Ather 450X Gen 3 Real-world Road Test Review: Feels More Like Gen 2.1

  • Oct 9, 2022
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Here’s why there’s not a substantial improvement on the third iteration of Ather’s sporty electric scooter

In 2020, Ather put the X-factor into its sporty 450 scooter and introduced us to Warp mode, something that truly made enthusiasts even happier with electric mobility. While that was obviously a proper ‘second generation,’ the update that the 450X received this year, well, is anything short of a ‘third generation.’ Here’s where the updated Ather 450X shines over its predecessor, where it doesn’t and why it is befitting to call it ‘Generation 2.1.’

Warp’s Even Quicker

The spec sheet of the ‘new’ 450X suggests no gain in performance from the 3.3kW motor as the 6.2kW peak power rating and 26Nm remains the same. And despite the 3.6kg weight gain (the scooter now tipping the scales at 111.6kg), it still claims to go from naught to 40kmph in 3.3 seconds.


Ather 450X Gen 3

Ather 450X Gen 2










Our VBox acceleration data does corroborate the same time for the updated 450X as it is marginally quicker to 40kmph and 60kmph. However, what’s really interesting is this gap extends to nearly a second in the run to 80kmph. Clearly, there’s some more juice provided to the motor that is helping it gather more speed rapidly and that’s thanks to the larger battery.

A Shocking Range!

While the floor might look similar, it does have a larger 3.7kWh battery pack now positioned beneath it. Ather’s TrueRange estimation suggests that in Eco the 450X should now do around 105km, 20km more than before.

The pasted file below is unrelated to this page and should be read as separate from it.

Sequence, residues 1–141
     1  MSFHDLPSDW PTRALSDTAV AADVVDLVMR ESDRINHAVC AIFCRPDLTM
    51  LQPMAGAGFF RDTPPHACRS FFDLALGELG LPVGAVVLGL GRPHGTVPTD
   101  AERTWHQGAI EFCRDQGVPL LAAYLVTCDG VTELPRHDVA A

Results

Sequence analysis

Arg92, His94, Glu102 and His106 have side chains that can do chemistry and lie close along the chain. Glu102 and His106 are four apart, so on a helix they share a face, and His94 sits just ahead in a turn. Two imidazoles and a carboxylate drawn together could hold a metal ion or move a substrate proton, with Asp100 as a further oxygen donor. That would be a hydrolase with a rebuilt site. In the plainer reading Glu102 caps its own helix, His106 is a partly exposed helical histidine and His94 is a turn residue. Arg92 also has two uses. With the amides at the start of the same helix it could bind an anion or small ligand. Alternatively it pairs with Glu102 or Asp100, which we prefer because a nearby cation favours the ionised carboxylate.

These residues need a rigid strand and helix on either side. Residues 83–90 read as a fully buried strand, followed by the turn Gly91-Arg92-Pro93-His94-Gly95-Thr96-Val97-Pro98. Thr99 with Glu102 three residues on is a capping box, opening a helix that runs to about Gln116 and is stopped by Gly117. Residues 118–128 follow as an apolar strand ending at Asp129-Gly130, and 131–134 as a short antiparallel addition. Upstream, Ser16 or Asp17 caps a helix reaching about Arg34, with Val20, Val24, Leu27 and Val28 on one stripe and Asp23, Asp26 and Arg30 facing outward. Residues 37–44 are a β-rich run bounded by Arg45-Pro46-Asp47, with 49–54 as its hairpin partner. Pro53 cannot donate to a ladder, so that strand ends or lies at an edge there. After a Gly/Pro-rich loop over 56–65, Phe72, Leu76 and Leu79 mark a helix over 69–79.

We did put this to a drain test and the result was a shocking revelation. Not only did it manage to beat the old 450X’s range figure as well as the TrueRange figure, it has also become our leader of range achieved by electric scooters with a whopping 142km on a single charge. 



Ather 450X Gen 3


Ather 450X Gen 2


Ola S1 Pro


TVS iQube S


Bajaj Chetak


That’s 1km more than the Ola S1 Pro and roughly 30km more than the TVS iQube S and the Bajaj Chetak. 

This wasn’t a case of hypermiling and was conducted by a rider who weighs 75 kilos. The reasoning behind this great number is actually quite easy: subtle regenerative braking. While the iQube and the Chetak have prominent active regen that starts slowing down the scooter as soon as you let go of the throttle, the Ather’s mild regen allows you to free-roll and coast at reasonable speeds. And you can force a bit more regen by applying negative throttle (i.e. twisting the throttle the other way round). 

This can be a bit detrimental if you are living in hilly regions, as you won’t be able to claw back as much charge on your descents. There’s something quite interesting in the pipeline on this very front, so stay tuned to our site and YouTube channel. 


Ather 450X Gen3

Ather 450 Gen 2

0-80 percent

4 hrs 30 mins

3 hrs 35 mins

0-100 percent

5 hrs 40 mins

5 hrs 45 mins

Fast charge

0-50 percent: 1.5km/min

50-80 percent: 1km/min

0-80 percent: 1km/min

While you would assume that with a larger battery a complete charge would take longer, that isn’t the case here. Sure, it does take nearly an hour longer to charge from 0-80 percent but a complete charge is done in virtually the same amount of time. Plus, the improvements in the fast charging capabilities mean you can get a quick top up of around 15km in just 10 minutes.

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Subtle Changes, Big Impact

Again, Ather’s not-so-immediately-noticeable update comes in the form of grippier MRF rubber with a larger section rear tyre. Also, even though the suspension components are the same, they carry a different tune to handle the extra heft.